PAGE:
Have You Played? is an endless stream of game retrospectives. One a day, every day of the year, perhaps for all time.
I was a mite irked when Konstantinos wrote about Offline [official site] in 2014, because I wanted to. Offline is a short free game about spooky happenings as you drive Underground/subway/Metro train, and it's a fair example of a games trend I've really enjoyed over the past few years: games which ask for two, five, ten minutes of my time to show me something small and nice and cool.
Offline puts players in the driver's cabin of a subway train, filled with enticing buttons to press, levers to pull, and knobs to twiddle. Turn the lights on. Turn the lights off. Speed up. Slow down. Try to phone control. Twiddle levers to alter the sound. Honk the train's horn. Fill one of your cabin monitors with pictures of eyes. Make ghostly hands rise from the tracks. Summon ghostly dancers. Fiddle, twiddle, and go faster, faster, don't pull the emergency brake, just keep going.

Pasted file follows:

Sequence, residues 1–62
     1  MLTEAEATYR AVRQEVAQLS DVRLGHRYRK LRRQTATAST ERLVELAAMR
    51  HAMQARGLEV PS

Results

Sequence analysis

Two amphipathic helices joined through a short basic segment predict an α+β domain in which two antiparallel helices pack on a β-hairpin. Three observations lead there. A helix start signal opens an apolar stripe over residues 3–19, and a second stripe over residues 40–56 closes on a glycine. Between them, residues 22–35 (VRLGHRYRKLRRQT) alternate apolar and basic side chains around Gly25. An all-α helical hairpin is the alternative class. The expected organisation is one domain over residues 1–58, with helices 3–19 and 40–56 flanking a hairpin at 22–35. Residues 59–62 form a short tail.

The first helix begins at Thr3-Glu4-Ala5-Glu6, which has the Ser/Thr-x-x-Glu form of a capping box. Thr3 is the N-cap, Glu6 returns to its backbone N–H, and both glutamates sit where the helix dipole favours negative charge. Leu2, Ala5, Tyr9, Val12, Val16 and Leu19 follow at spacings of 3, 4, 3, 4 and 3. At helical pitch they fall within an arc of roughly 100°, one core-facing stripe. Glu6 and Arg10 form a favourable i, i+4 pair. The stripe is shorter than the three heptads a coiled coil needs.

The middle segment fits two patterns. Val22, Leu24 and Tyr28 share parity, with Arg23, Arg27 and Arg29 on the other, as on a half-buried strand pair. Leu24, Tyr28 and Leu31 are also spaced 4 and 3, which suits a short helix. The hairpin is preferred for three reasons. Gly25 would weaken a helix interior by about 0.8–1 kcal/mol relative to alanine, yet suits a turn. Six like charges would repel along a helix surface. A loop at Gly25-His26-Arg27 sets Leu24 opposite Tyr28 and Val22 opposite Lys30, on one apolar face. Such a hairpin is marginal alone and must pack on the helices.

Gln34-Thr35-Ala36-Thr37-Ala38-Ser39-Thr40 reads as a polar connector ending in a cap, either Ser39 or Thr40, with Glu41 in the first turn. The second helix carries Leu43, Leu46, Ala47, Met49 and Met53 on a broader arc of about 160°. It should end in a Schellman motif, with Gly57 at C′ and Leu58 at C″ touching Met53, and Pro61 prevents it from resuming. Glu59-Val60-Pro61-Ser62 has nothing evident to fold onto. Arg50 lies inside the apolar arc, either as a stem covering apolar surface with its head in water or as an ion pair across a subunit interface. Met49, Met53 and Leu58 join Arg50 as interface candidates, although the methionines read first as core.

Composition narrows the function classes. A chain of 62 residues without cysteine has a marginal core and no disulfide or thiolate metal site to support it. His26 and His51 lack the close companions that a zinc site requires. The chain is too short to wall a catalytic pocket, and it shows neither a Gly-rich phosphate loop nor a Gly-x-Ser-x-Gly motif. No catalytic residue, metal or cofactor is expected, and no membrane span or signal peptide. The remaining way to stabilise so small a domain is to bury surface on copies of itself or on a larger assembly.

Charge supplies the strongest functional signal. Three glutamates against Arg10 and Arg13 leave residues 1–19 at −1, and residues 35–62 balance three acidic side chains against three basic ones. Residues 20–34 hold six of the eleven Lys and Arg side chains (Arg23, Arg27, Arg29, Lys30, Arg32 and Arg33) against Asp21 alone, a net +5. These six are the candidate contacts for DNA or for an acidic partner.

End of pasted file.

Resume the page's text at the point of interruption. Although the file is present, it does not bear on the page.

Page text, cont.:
It's really quite pleasant.
I've noticed, over my two years at RPS, that some folks assume I think every game should be like this - that we should rid the world of Crusader Kings II and Arma and StarCraft and everything else which will swallow as many hours as you feed it, then replace them with five-minute walking simulators. Which is, of course, nonsense. I'm delighted that I can enjoy over a hundred hours of adventuring in The Witcher 3 and up to ten minutes of driving a spooky ghost train.
[Disclosure: Pol and I realised, a year later, that we dined together in a big group in 2014 - but we didn't really talk or know who the other was. I don't 'do' networking. And I was very hungry.]